Reckoning for the Dead
Book #4 (2011) of the Sweet Justice Series
But Alexa Marlowehis ex-lover and most trusted agentisn't buying it.
Overnight, a new leader has mysteriously assumed control of the elite vigilante organization, a man Alexa Marlowe can't afford to trust. In search of Garrett and the truth, she goes rogue and off the grid, following a deadly trail that leads into Mexico, behind the fortress walls of a murderous drug cartel boss. Alone, Alexa has no one to watch her back, not even her new partner, Jessie.
Ex-bounty hunter, Jessie Beckett, has troubles of her own. Her world is turned upside down when her DNA turns up as evidence in a gruesome murder committed when Jessie was only a child, before her life was shattered by an infamous killer. Solving a very cold case may hold the key to who she really is or kill the only memory she has of a woman she believes is her mother.
For Alexa and Jessie, the dead must have a reckoning.
Read an excerpt.
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Praise for Reckoning For The Dead
"Reckoning for the Dead is vintage Jordan Dane with street savvy women who deliver justice with plenty of kick."
—Iron Mountain Daily News
"Jordan Dane crafts nail-biting thrillers. 21st Noir with guts, heart, and a wicked sense of humor."
—Jonathan Maberry, New York Times Bestseller
"A wonderful author who sets you up on a roller-coaster, rising, falling, twisting—she's not to be missed!"
—Heather Graham, New York Times Bestseller
"Reckoning for the Dead by Jordan Dane is a breathtaking blend of mystery, surprise and heart pounding adventure. A polished gem of riveting romantic suspense. A winner for fans of Tami Hoag, Andrea Kane, and Lisa Gardner."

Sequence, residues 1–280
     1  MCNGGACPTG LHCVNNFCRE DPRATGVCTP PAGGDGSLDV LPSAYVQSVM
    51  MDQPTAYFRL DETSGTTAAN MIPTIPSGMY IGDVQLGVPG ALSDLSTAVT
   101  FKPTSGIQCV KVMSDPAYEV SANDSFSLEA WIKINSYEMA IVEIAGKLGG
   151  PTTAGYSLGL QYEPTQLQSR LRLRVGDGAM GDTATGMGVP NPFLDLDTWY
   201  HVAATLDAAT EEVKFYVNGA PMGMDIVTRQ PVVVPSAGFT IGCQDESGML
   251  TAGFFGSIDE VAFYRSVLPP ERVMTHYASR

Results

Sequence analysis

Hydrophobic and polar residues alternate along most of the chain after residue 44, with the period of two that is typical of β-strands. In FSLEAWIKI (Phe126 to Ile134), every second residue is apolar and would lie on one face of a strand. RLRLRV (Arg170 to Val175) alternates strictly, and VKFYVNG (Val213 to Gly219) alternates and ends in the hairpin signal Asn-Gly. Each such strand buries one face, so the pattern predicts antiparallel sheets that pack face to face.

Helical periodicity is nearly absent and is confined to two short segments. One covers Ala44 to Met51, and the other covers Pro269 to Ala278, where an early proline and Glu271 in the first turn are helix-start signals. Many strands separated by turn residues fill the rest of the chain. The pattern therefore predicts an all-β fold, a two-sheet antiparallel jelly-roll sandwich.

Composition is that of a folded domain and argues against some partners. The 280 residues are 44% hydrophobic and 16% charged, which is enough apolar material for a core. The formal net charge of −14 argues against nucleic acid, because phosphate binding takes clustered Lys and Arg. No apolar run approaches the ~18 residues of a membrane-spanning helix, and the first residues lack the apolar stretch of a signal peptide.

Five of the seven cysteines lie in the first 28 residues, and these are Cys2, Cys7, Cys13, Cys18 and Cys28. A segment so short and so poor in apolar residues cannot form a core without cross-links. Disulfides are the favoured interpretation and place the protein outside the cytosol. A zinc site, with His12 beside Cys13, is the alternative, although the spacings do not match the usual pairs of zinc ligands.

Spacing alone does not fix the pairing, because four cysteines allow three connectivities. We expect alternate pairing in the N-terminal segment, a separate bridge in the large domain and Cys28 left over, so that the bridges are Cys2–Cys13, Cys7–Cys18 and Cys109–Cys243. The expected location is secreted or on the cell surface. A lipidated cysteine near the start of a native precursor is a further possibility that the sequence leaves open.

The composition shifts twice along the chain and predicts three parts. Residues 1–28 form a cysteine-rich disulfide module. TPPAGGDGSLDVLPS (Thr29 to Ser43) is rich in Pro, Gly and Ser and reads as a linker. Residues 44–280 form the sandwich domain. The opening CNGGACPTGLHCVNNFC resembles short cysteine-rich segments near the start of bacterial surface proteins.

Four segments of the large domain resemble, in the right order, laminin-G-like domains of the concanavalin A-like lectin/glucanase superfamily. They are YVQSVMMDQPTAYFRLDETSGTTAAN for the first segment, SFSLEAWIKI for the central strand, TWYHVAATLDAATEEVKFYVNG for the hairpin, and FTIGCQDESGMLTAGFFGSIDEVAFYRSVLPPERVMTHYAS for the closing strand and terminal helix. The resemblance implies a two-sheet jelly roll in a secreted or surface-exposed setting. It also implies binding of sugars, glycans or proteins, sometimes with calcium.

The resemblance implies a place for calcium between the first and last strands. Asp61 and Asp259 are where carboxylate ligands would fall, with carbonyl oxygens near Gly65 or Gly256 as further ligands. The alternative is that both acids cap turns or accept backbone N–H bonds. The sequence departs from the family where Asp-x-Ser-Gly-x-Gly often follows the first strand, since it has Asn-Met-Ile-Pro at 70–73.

El Paso, Texas—Nearly Midnight
After he'd sent a text message on his cell phone, twelve year old Ruben de los Santos did as he'd been ordered to do. He followed the man from a safe distance as he left the cantina, heading for his car. The parking lot was down two blocks and around a corner if the man stuck to the well-lighted streets. If he knew of the short cut, he would use the alley.
That's what Ruben prayed he would do.
When the stranger looked over his shoulder, Ruben ducked into the shadows of a doorway and waited until it was safe to move. With his heart racing, he counted to five before he emerged from the shadows. By the time he did, the man was gone.
"Ay, Dios mio," the boy muttered, with his eyes alert.
Ruben looked down the lit street and saw no sign of the man, but when he turned toward the alley, he caught a glimpse of movement. It had to be him.
He ducked into the alley and stepped up his pace to catch the man. When he got to the end of the alleyway, he stopped and held his breath. Slowly he inched closer to the corner and peered into the darkness.
That's when a hand grabbed his shirt collar and pulled him off his feet.
"Please ... don't hurt me," he begged.
Ruben covered his face with his hands and raised his voice higher, sounding more like the boy he was.
"Why are you following me, kid?"
The tall muscular man kept a hold of him. His body was cast in nothing more than a bluish haze. Ruben couldn't see his face. And although the boy felt the heat of the man's breath on his cheek, he tried not to be afraid.
Ruben de los Santos wasn't alone.
"You will see soon enough, senor." The boy forced a smile with courage he didn't feel.
The big man released his grip on Ruben and pulled away. He reached for his weapon, but it was too late. Members of Ruben's gang emerged from the shadows like ghosts rising from the grave. The stranger was surrounded.
"Who are you? And what do you want?" the man demanded. He aimed his weapon into the crowd, shifting his barrel from face to face. He was outnumbered and outgunned.
"Lower your weapon, pendejo. You will not be asked a second time." Arturo, one of the older boys, stepped forward and held his gun sideways, aiming between the man's eyes. Ruben held his breath, unable to take his eyes off the two men. If one of them fired, many would die. And Ruben had no doubt he would get caught in the crossfire.